Watching The Watchers of the East River Dolphin
On Wednesday afternoon, I watched the dolphin swim and dive in New York’s East River. That afternoon, I also enjoyed meeting and watching a wide range other watchers.
But first … Friday’s Dolphin Update from the Riverhead Foundation for Marine Research and Preservation:
After 24 hours of no sightings, we received a report of the bottlenose dolphin in the East River this afternoon. The first report came in at approximately 2 PM. The dolphin does not appear to be in distress and continues to be free swimming and utilizing the east side of the river near the Robert F. Kennedy Bridge. While NOAA encourages you to enjoy the presence of the dolphin, please remember that bottlenose dolphins are federally protected under the Marine Mammal Protection Act. We are continuing to collect sighting information for monitoring and are ready to respond in the event the animal becomes stranded. Please report any sightings to Riverhead Foundation’s Hotline at 631-369-9829.
(If you are just learning about NYC’s dolphin, you may want to read my earlier posts here and here.)
The first watchers I met were these police officers who had been asked to check out the dolphin. The three of us headed up the 103rd Street pedestrian bridge to get a better look south over the river.
Here’s a more formal portrait.
Soon a photography class from East Harlem’s Renaissance Charter High School for Innovation headed up the bridge, led by teacher Benjamin Caraballo. The class was taking their first outing with cameras.
Turns out Ben is a wildlife photographer and biologist, who was delighted to learn of the dolphin. He and the class headed back down the ramp to the river walk to try for a closer view of the animal.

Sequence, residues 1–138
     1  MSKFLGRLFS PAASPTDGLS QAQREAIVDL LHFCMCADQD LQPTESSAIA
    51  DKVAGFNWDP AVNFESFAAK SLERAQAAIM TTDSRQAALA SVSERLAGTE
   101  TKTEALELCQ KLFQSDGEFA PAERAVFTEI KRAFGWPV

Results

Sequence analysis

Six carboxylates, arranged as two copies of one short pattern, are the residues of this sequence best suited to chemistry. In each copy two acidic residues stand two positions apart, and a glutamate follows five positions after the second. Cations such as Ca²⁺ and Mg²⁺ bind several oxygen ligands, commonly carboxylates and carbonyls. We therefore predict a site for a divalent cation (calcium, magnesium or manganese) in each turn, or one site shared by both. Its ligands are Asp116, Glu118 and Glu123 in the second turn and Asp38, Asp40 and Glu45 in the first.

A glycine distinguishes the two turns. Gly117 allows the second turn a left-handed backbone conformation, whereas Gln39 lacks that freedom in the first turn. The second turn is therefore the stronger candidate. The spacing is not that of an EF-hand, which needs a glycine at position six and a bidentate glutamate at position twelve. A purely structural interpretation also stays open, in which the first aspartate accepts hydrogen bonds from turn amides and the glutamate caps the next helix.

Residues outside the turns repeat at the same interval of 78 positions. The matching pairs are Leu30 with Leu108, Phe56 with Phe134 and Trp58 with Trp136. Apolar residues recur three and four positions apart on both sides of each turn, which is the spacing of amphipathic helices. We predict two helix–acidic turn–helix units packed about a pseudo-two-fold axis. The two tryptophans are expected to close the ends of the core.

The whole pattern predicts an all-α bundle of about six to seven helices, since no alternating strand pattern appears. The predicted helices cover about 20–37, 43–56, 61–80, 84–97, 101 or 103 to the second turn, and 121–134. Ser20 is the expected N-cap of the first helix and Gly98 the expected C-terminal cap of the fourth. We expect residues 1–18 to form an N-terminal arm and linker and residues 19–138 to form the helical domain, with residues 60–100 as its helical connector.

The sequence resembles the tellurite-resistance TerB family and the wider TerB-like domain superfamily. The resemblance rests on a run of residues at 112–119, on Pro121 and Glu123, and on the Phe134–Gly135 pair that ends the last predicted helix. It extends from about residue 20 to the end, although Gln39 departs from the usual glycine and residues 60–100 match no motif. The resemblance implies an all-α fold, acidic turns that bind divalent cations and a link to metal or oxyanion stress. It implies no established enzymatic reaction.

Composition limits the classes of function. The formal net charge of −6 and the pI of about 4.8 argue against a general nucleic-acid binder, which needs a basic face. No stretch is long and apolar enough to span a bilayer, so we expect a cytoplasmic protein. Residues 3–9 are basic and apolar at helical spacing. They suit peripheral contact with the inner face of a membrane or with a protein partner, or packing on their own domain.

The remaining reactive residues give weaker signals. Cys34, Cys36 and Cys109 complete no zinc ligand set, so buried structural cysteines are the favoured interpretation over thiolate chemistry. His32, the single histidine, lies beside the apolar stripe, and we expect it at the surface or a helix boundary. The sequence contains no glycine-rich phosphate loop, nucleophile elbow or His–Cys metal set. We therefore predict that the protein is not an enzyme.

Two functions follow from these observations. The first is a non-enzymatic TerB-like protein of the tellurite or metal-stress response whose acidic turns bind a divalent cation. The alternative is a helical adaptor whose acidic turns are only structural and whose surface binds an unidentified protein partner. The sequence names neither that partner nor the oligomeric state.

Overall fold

On the river walk, a young father and son in matching cammies watched the dolphin.
The gentleman below rushed excitedly to the railing, phone camera at the ready, saying “Where is it?” After I pointed it out to him, he said, “I need a photograph of it.” “And I need a photograph of you,” I said. He gave me a big grin.
I talked a long time with a very nice woman whose grandfather was a New York City tug boat captain, and who knew the area well. I didn’t get a picture of her, but I did get a picture of “her” ducks.
She has run along the river for years, and has gotten to know the lovely little ruddy ducks that gather here.
These fishermen, according to my new friend, are always out.
“He’s sick. He’s gonna die,” the fishermen declared of the dolphin with great finality, citing the terrible pollution of the East River.
“Then I wouldn’t eat that fish you catch,” muttered my new friend under her breath. Here is a fisherman of another species, that was swimming and diving far below the surface of the river.
A little later, I talked with Tara who was taking a friend’s dog for a walk. Like most of the watchers, Tara was thrilled with the presence of the dolphin but concerned for its safety. She told me how much she loves working in the summers at an equestrian center on Randall’s Island that I didn’t even know existed. She said they even give lessons to neighborhood kids who can’t afford to pay.
After a few hours, it was time to go. Bye bye.Explore posts in the same categories: 2013, In the City, Sea Mammals, Wildlife/Natural History comment below, or link to this permanent URL from your own site.